This article was originally written for and published on Business Insider
Tired of struggling with a budget? Frustrated with yourself for trying your best but finding yourself still overspending or not sticking to what you set?
I’m going to let you in on the secret to building a budget that actually works for you, that you can keep over time, that will be a tool to help you achieve goals.
And here it is: If you want to be successful with budgeting, don’t start with a bunch of numbers. I know it sounds counter-intuitive, but there’s a better way.
Lack of clarity on your why makes budgeting a challenge
Almost everyone I talk to who struggles to build and maintain a budget has the same thing in common: They might know how much they make and how much they spend every month, but they don’t have a long-term vision for what they want to do with that money.
In other words, people go wrong with budgeting when they only think about the numbers. While knowing your financial reality is critical, it’s not enough on its own.
You also have to understand what you value in life. If you don’t know what’s most important to you, it’s almost impossible to know how to prioritize where your dollars go.
Your budget should reflect your values
Good decisions on spending and saving start with knowing what you actually want to do in your life, now and in the future.
That doesn’t mean you need to have a long list of specific goals in order to budget well. But you do need to understand your core values — which have nothing to do with dollars and cents — so that you can align your spending with things that reflect those values.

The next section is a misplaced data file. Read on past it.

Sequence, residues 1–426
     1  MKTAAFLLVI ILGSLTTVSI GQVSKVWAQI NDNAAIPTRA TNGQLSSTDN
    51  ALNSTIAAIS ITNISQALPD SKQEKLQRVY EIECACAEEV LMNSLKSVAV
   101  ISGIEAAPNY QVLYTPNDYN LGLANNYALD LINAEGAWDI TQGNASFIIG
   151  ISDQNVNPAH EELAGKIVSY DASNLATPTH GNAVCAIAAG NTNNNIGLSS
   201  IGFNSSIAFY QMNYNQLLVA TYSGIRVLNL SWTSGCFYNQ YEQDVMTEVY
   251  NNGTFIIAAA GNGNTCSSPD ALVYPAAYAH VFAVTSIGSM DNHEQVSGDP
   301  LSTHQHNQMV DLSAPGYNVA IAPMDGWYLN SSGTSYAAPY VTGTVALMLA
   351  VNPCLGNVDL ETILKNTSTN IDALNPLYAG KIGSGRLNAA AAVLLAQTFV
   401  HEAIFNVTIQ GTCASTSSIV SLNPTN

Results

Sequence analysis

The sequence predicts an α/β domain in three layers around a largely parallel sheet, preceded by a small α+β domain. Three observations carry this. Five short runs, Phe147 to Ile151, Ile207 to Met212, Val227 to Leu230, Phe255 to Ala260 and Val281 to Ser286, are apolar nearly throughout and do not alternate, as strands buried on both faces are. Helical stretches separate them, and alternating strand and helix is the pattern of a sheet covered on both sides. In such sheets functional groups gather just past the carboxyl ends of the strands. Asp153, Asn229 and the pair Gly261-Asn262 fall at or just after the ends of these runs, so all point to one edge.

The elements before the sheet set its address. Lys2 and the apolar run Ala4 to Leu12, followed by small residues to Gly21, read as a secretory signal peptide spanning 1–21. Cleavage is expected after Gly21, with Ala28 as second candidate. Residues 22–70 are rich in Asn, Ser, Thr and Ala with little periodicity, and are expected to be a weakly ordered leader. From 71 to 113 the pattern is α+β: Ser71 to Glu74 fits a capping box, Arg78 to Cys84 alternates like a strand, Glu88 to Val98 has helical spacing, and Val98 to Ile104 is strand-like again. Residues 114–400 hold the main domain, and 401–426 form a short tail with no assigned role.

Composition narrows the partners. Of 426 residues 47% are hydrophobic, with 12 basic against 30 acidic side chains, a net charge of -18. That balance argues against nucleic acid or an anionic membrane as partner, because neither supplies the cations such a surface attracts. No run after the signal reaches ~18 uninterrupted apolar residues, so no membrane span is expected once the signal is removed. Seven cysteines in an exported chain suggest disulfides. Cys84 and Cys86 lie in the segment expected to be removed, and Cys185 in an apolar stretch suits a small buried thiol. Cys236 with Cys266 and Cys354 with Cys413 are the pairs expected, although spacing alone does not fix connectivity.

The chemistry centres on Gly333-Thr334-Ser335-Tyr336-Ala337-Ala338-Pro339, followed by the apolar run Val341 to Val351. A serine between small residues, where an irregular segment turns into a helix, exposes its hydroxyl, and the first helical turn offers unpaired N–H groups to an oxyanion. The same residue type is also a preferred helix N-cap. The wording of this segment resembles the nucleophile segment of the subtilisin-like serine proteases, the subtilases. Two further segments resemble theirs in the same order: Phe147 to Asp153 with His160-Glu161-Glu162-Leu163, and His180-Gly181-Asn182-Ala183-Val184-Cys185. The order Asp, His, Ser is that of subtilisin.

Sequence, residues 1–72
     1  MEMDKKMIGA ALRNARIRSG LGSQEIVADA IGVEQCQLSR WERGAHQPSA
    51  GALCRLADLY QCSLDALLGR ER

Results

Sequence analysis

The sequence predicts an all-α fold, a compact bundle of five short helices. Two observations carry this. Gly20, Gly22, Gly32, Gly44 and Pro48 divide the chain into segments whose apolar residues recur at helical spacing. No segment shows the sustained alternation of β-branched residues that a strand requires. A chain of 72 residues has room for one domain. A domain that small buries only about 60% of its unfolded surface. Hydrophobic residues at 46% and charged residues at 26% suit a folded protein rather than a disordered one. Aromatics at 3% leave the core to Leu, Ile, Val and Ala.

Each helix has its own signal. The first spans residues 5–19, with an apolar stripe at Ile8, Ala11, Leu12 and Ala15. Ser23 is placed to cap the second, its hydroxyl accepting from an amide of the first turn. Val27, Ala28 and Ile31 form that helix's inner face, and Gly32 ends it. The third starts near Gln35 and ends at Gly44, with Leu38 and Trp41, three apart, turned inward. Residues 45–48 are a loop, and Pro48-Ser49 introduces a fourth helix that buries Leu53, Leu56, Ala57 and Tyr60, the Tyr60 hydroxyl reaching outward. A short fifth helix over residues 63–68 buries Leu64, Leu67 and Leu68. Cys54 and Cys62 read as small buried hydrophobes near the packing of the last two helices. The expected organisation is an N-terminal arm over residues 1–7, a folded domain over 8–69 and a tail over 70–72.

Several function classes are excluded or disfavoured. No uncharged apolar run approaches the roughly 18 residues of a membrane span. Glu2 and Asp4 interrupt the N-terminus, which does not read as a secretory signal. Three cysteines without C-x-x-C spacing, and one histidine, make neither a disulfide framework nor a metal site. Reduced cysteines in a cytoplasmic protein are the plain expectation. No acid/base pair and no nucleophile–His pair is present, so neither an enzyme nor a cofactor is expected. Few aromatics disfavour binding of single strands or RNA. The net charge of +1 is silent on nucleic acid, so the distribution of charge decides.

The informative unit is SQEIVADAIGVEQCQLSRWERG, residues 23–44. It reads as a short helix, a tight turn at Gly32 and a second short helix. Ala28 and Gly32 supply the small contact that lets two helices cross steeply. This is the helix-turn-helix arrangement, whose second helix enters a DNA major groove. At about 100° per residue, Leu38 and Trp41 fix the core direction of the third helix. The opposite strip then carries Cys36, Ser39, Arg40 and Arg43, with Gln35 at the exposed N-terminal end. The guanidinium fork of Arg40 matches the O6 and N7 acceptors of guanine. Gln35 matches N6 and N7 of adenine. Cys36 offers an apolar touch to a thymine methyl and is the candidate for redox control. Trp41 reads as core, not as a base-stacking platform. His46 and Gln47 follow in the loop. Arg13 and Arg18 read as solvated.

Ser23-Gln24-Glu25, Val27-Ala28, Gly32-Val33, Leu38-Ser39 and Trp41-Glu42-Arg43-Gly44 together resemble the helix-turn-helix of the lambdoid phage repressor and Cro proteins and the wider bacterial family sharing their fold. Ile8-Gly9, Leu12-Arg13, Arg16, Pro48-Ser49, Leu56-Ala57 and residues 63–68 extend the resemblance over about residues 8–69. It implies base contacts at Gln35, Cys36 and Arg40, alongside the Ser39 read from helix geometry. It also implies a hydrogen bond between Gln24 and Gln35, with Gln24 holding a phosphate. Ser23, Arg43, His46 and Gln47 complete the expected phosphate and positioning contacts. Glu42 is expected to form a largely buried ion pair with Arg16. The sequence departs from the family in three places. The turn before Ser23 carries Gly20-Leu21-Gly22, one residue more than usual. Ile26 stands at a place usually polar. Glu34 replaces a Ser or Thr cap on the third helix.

Here’s the process, step by step, for getting clear on what’s most important to focus on for you:
Create a timeline of your life, from now until age 100
Identify what you want to enjoy and achieve in 12 months, 1 to 5 years, 6 to 15 years, 16 to 20 years, and 20-plus years into the future. (This is probably the hardest part!)
If you could only accomplish one thing on your timeline, what would it be? That’s priority №1. Repeat until you have an ordered list.
Check in with your financial reality
This is what most people get wrong with their budget: They worry about the numbers first. But it’s the third step!
Only after getting clear on what actually matters to you will you have the context you need to make decisions about how to allocate money within your budget.
Now that you have that, you can ask: How much money comes in and goes out each month? What does your current spending look like?
And what needs to change to free up more money to allocate toward the things you just identified as most important to you?
And by the way: Don’t waste time trying to find the perfect system
Even when you get clear on your priorities, there’s another potential pitfall that could stop you from building a budget that works: trying to find the “best” budgeting system.
Why? Because there is no such thing.
There are countless ways and methods of managing your personal finances and cash flow each month (or even each quarter), and there is no one “right” answer.
At its core, budgeting is just a way of tracking your spending and saving so you understand what your money actually does and ensure you stay on the right course to achieving your goals.
This could be as simple as using a spreadsheet that you update manually, or as complex as using a paid software platform like You Need A Budget. Or you could go offline entirely and use a cash envelope system, if that’s the strategy that works best to keep you on track.
Experiment with different solutions. Don’t be afraid to try new things. Remember, the best budget for you is the one that makes sense — and that you’ll actually use.